As China is set to send its first female astronaut into space this weekend, American women who have made the journey will be tracking her historic trip.
NASA, the US space agency, suffered as a result of its gender exclusion during the early years of space travel, said Howard McCurdy, a professor of public affairs at the American University in Washington, and the author of several books about space.
Pamela Melroy, a former astronaut and air force pilot who served both as pilot and commander on US space shuttle missions before retiring in 2009, pointed to China's requirement that its taikonauts be trained as military pilots. She said this ensures Liu Yang — the likelier of the two women to be on board the Shenzhou IX craft when it docks with the orbiting Tiangong-1 module — will be of a special breed.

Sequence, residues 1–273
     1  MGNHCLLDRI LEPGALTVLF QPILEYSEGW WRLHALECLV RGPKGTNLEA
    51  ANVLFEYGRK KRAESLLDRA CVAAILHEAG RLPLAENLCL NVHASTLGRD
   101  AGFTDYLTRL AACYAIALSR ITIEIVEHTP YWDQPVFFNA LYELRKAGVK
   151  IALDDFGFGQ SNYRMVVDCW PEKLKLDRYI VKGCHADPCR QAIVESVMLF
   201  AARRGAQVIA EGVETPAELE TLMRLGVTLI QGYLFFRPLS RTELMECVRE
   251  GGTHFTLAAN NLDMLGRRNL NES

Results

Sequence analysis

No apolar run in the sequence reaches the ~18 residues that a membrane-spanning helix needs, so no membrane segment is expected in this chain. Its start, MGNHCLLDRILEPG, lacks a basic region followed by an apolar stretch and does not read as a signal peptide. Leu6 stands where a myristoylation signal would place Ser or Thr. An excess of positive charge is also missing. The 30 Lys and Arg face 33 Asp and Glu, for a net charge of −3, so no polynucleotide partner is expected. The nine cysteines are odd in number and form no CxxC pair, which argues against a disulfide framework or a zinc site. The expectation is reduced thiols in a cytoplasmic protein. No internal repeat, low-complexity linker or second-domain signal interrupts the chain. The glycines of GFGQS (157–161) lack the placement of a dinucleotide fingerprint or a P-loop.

"I feel a special kinship with her, because there are so few women pilots in space," Melroy said in an interview with China Daily. There have only been three American women pilots, all during the shuttle program; most female astronauts have been scientists and engineers.
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